We had an annual Sports Day and I was entered for the 100 yards race, but I was a poor starter and only began after the others had left the start.
Our schooling was necessarily limited, more or less to the “Three R’s”. My reading was satisfactory thanks to my parents, but my arithmetic was always poor for years, due I believe to the schooling. My handwriting has always been childish – “just link up the letters”, but actual writing (composition) was satisfactory, probably led by the reading. Once we were asked to write about our parents and my piece caused much amusement. The Amor males have generally had blue chins and I wrote that my father was “clean shaven and has a beard”. Natural History was covered well, with beans grown on blotting paper, etc. We were told to collect wild flowers and press them in our schoolbooks and I remember proudly fastening a teasel between the pages, but the head did not flatten and the book was always distorted.
The Head Master took the “Top Class” which seemed to consist of essays, poetry and especially gardening. The school garden produced fine vegetables (on reflection I wonder where they went as there were no meals prepared at school), tended by the older boys, closely supervised by the head. In the classroom the black board was covered with the names of vegetables unheard of in the gardens of our parents, such as “kohlrabi” – “write it carefully in your books”. At home, if I “helped” my father in our garden I could earn my Saturday penny pocket money (1d, when 240d = £1), but no exotic vegetables there! The Head was fond of giving his class essays and would write helpful sentences on the blackboard, for example “Sunday Afternoon Tea – We had bread and butter and jam”. One boy in his class, from a poor home told me this and said “We have bread and jam, or bread and butter, not all three”.
I only sat in the top class when our teacher was ill. As my age approached 11, the Secondary Grammar School entrance examination loomed. Many of my colleagues said they did not want to go there as they wished to get a job as soon as they could leave at age 14. The secondary school was then fee paying but the County offered a limited number of “Free Seats” which depended on performance in the entrance exam. and parental income. A friend and I were lucky to obtain the only two “free” seats from our village that year. After that is another story, perhaps for another time.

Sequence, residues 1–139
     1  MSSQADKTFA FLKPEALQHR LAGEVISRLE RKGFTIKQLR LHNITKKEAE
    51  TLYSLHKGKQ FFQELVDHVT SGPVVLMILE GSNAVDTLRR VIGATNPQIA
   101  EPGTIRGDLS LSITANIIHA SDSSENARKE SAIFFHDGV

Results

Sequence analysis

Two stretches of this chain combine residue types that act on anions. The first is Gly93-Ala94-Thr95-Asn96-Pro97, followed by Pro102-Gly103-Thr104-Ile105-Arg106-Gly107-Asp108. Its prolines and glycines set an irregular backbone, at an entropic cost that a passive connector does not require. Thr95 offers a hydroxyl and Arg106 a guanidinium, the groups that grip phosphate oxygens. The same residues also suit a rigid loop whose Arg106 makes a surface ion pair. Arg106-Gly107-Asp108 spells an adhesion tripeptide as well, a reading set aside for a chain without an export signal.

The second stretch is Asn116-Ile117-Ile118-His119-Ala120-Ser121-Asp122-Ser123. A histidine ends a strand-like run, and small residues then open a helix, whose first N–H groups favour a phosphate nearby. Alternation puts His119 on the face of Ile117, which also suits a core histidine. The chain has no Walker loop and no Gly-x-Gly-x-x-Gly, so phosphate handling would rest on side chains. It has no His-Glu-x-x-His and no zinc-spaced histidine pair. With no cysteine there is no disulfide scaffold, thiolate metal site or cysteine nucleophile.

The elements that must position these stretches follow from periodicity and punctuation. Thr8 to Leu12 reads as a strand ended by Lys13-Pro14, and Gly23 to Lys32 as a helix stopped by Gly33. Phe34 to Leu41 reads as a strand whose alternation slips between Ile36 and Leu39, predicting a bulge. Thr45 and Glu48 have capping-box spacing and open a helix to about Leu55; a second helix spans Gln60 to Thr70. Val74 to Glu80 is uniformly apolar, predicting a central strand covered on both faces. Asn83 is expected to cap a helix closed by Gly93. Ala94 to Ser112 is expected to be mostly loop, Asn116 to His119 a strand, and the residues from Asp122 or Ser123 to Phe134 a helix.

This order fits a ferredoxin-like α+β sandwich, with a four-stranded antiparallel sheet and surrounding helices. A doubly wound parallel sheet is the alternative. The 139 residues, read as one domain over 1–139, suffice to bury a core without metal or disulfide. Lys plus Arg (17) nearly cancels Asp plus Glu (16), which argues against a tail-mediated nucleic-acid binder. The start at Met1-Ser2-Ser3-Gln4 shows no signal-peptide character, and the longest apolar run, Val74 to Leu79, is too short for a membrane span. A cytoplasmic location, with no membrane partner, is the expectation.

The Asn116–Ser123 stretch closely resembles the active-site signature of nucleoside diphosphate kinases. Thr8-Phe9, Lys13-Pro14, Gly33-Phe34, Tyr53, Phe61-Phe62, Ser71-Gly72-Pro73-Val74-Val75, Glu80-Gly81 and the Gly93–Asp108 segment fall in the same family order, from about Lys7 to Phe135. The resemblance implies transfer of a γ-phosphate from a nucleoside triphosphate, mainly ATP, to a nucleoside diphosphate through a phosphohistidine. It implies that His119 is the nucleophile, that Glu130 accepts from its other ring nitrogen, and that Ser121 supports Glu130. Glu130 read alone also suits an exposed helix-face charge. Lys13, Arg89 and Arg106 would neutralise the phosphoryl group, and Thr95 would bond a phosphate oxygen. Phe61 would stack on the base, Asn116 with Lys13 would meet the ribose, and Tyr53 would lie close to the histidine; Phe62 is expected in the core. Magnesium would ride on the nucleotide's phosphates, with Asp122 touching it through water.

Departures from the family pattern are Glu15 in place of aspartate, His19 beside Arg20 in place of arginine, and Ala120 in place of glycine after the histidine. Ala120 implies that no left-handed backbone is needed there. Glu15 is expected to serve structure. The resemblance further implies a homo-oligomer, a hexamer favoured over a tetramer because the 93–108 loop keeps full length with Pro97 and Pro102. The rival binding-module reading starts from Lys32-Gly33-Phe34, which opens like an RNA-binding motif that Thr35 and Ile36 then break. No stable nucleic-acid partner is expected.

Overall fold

Before that the prospect of the second World War intervened. Soon we were collecting waste paper from our neighbours. I took my offering to the school in my wheel barrow, after first examining any books. Likely books were held back for reading before taking them to school. Some of our neighbours had such gems as the adventure stories of Rider Haggard. The school had a small library, but only one of its books I still remember, “Dr Doolittle” with one character in particular, “The Push-me-Pull-You”.
Around this time my step-grandmother gave us her piano. (“All nice little boys learn the piano”). Our church organist was a piano teacher and lived nearby, so I began, but I have no ear for music and despite her perseverance I was hopeless. I took one examination and achieved grade 1 for Music Theory but my practical playing was terrible. Luckily with the prospect of war my teacher joined the ATS and my music lessons came to an end.
Bridport History Society delves further back in time on Tuesday June 14th when we hear about “A Freezing Horror: the wreck of the Halsewell East Indiaman” from Philip Browne at 2.30 pm in Bridport United Church Main Hall. All welcome, visitor entrance £2.50.
Cecil Amor, President, Bridport History Society. Tel: 01308 456876.